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density of khp
Potassium hydrogen phthalate, sometimes called simply “KHP,” is an acidic salt compound. It forms white powder, colorless crystals, a colorless solution, and an ionic solid that is the monopotassium salt of phthalic acid.
It is a good titration standard for acids and bases because it is air-stable and does not become hygroscopic. It is also a good thermogravimetric standard because its pH is very stable in solution and it does not degrade or hydrate under thermal conditions.
When it is used as an acidimetric standard, it is usually titrated with Phenolphthalein indicator. It can also be titrated with Methyl Violet or Crystal Violet indicator when it is used as a basimetric standard.
KHP is a useful standard for buffering in combination with hydrochloric acid (HCl) or sodium hydroxide (NaOH) depending on which side of pH 4.0 the buffer is to be. It is also a good standard for total organic carbon (TOC) testing. Many TOC analysts suggest testing their instruments with two standards: one that is typically easy for the instrument to oxidize (KHP), and one that is more difficult to oxidize, such as benzoquinone.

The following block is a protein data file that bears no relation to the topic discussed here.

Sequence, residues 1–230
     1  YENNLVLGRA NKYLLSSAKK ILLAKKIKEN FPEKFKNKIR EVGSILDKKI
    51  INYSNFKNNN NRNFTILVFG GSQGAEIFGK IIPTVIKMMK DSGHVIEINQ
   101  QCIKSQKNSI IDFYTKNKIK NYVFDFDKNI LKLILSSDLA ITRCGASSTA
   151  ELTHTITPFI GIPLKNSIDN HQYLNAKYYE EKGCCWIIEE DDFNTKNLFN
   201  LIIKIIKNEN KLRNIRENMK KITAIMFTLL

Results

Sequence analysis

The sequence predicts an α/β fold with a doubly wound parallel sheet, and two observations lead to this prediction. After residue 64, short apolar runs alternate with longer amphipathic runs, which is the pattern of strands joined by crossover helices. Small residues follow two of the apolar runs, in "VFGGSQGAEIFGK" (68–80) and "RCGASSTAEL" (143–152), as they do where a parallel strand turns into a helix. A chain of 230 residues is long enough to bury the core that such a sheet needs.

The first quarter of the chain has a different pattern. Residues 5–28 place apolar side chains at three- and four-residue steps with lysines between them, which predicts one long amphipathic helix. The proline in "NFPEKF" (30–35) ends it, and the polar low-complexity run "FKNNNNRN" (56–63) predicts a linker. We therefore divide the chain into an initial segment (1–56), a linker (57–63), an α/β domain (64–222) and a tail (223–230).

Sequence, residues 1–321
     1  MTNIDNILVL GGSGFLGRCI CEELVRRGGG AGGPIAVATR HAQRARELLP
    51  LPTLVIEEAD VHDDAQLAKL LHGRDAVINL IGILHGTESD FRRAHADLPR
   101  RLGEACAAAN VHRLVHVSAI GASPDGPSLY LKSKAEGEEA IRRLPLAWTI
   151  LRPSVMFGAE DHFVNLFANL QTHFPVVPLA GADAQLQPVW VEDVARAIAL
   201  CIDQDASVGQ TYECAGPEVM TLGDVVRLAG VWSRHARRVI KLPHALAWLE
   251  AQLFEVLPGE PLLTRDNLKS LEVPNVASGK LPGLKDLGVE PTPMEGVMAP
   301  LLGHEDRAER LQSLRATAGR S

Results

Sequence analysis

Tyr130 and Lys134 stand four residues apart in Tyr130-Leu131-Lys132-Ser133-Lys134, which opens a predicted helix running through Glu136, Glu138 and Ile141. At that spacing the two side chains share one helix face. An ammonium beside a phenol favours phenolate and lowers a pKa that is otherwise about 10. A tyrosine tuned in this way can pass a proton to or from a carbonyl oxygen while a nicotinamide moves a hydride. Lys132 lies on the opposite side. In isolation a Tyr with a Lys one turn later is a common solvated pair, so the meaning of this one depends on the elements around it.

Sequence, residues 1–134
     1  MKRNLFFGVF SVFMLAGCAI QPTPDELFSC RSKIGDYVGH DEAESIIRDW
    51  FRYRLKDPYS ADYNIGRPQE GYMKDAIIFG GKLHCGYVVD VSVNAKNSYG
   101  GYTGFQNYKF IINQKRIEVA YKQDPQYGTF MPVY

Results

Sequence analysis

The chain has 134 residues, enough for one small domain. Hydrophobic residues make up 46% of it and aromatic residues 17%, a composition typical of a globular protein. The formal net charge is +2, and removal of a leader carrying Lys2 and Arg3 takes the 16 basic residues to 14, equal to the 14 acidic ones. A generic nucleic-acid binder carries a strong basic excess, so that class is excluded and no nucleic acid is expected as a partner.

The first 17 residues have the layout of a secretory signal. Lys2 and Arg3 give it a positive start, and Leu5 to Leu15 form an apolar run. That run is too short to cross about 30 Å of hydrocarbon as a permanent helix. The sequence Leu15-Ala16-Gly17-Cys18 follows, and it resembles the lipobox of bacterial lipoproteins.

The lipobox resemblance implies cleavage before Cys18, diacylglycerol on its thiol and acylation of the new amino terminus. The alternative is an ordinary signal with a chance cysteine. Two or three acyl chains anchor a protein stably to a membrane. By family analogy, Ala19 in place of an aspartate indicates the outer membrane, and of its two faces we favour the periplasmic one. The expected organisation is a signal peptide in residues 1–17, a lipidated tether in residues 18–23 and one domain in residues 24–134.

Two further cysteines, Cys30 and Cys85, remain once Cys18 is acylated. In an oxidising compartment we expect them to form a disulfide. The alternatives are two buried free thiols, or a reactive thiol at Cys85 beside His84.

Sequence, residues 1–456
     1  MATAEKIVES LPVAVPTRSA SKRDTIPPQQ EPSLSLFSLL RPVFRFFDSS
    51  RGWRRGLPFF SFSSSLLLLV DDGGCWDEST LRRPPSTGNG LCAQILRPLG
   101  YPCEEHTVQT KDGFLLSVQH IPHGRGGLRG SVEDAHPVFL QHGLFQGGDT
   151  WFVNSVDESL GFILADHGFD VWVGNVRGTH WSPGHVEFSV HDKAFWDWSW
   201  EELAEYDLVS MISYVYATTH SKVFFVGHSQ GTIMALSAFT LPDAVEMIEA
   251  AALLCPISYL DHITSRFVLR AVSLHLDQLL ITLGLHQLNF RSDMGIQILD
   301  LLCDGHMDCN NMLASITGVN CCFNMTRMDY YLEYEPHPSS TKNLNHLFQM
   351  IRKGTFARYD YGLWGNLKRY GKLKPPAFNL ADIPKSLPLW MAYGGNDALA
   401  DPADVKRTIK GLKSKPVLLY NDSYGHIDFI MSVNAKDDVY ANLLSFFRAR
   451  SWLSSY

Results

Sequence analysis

To find the true mass of this standard, you weighed out four samples using a new technique-weighing by difference. You placed enough KHP into a small beaker to fill it with samples for your four or five test reactions and weighed the whole thing, before you removed your first sample and reweighed the beaker containing the rest of the KHP. The difference in mass of the first sample and the rest of the KHP is the mass of the KHP itself.